surrendering one's passphrase to authorities
atom at smasher.org
Wed Mar 4 01:11:31 CET 2009
On Tue, 3 Mar 2009, Robert J. Hansen wrote:
> Yes. It's the same as the S2K in OpenPGP, last I checked -- which is
> specifically designed to make brute forcers slow.
> Let's say the guy has a passphrase with 64 bits of entropy. Assume you
> have a massively distributed network and some truly cutting-edge math,
> you could probably do it in two solid years of work. The RC5 project on
> distributed.net took 18 months to do 64 bits, but RC5 wasn't designed to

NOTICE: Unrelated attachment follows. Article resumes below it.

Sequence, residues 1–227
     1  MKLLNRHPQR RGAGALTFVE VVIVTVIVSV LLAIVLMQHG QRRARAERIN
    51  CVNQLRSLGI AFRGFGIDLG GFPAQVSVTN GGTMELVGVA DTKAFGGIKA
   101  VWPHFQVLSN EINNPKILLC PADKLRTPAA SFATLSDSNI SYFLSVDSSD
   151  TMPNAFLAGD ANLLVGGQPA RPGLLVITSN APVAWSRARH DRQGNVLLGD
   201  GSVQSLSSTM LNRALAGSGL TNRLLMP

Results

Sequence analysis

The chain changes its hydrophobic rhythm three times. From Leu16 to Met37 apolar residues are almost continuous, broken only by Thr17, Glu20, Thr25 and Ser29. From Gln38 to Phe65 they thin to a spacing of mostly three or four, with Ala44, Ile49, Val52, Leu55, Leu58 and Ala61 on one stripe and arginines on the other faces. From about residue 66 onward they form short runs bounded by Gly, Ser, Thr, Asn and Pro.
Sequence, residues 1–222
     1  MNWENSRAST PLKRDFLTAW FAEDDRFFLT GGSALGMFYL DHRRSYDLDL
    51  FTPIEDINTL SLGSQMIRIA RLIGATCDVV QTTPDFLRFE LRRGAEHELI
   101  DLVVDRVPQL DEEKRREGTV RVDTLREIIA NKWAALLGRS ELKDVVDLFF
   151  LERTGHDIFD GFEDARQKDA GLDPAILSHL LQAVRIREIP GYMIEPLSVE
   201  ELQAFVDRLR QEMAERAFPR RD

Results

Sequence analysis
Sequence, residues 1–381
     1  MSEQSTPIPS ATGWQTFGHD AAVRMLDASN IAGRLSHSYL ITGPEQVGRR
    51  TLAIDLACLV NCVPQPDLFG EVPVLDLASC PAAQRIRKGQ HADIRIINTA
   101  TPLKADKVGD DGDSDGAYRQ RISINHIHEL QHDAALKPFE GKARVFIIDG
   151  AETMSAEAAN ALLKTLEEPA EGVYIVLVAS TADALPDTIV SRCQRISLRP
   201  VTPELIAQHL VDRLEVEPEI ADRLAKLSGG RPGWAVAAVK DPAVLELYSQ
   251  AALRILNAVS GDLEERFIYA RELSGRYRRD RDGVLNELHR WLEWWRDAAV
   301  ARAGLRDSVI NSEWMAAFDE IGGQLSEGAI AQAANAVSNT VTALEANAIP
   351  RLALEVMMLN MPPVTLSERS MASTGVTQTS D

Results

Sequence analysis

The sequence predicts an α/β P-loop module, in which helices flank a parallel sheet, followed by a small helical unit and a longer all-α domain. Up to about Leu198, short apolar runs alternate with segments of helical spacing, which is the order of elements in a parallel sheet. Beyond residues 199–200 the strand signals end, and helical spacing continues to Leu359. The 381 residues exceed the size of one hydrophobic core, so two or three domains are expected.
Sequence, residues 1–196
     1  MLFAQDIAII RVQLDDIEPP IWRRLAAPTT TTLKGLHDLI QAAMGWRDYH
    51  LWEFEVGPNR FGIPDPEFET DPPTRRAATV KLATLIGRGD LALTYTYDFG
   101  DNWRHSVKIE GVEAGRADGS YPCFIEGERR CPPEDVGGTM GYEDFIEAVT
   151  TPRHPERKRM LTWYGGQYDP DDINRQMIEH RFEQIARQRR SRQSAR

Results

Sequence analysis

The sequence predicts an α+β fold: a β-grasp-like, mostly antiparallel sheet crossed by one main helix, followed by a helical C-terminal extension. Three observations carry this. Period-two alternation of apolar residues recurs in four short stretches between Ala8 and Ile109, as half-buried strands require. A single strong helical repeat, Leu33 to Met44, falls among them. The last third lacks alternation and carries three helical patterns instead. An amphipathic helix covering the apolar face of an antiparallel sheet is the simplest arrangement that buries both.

> be very slow to rekey.
> Now consider just how many 64-bit keys the US government would like to
> crack. It probably numbers in the millions.
> Now consider how high this guy's passphrase stands in the to-do list.
most people don't use pass-phrases that strong. in any case, we're talking
about something that can realistically be broken in a reasonable amount of
time (compared to several times the age of the universe) using real-world
technology, not like trying to crack a messages that was intercepted on
the wire, and encrypted with 4096 RSA or a 256bit twofish.
762A 3B98 A3C3 96C9 C6B7 582A B88D 52E4 D9F5 7808
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